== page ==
Children should stick to drinking ‘milk and water’ according to new guidelines
The early years of a child’s life are be the most important and now, new guidelines have suggested that milk and water are mostly the only things children aged five and under should drink.1
A panel of scientists have issued the new nutritional guidelines which suggest children should not be given any drink with sugar or other sweeteners in it.
What children drink at a young age can have a significant impact on their oral health, general health and overall well-being.
Dr Nigel Carter OBE, Chief Executive of the Oral Health Foundation, believes that parents would be wise to follow these guidelines and give their children the best start in life from a dietary perspective.
Dr Carter says: “Water and milk have the benefit of providing everything a growing child needs, without so many of the harmful things that so many other drinks contain.
“Milk is a great source of calcium, protein and several other vitamins and minerals that are essential for growth and development.
“Water is perfect, not just for youngsters, because it isn’t acidic, it has no calories and contains no sugar that can cause so much unnecessary damage to children’s teeth.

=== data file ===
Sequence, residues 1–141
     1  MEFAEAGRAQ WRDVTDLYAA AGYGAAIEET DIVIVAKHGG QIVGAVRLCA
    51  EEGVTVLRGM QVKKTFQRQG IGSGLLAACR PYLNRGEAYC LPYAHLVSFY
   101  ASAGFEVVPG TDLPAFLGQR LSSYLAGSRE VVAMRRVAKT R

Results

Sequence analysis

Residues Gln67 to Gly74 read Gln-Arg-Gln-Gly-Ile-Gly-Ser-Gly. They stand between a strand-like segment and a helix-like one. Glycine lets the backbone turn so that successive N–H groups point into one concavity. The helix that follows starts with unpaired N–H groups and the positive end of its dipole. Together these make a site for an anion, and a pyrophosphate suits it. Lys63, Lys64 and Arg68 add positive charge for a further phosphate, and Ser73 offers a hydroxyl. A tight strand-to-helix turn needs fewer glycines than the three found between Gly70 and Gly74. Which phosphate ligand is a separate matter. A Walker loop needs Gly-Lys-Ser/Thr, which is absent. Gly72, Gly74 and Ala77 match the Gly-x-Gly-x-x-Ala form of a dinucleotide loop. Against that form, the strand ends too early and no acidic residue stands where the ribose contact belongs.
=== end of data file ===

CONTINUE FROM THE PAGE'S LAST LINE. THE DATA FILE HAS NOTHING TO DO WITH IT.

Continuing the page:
“Children absolutely do not need to drink products that are packed with sugar. The damage it can cause to oral health alone is extreme and avoidable. It is the main culprit behind thousands of children in the UK having rotten teeth removed in hospital every year, not to mention high levels of obesity across the country.
“We welcome these new guidelines and hope that as many parents follow them as possible.”
The guidelines have been published by Healthy Drinks Healthy Kids, a project by Healthy Eating Research. The programme studies strategies for childhood nutrition.
Public Health England report that nine out of ten hospital tooth extractions among young children are due to preventable tooth decay.2
In addition, almost one in five children are overweight or obese when they start primary school, rising to one in three when they start secondary school.3
Both public health issues have prompted calls for Brits to make changes to their diet, so they have a better chance of avoiding these oral and general health issues.
“We must look after ourselves, our children and make sure their diet reflects this,” adds Dr Carter.
“Poor oral health at a young age can have a major influence on a child’s health, well-being and quality of life in a number of different ways.
“Tooth brushing with a fluoride toothpaste daily is crucial, but it alone is not enough to prevent tooth decay in young children.
“Preventing avoidable issues like tooth decay must involve a positive change in diet and hopefully these new guidelines can help parents make healthier decisions for their children.”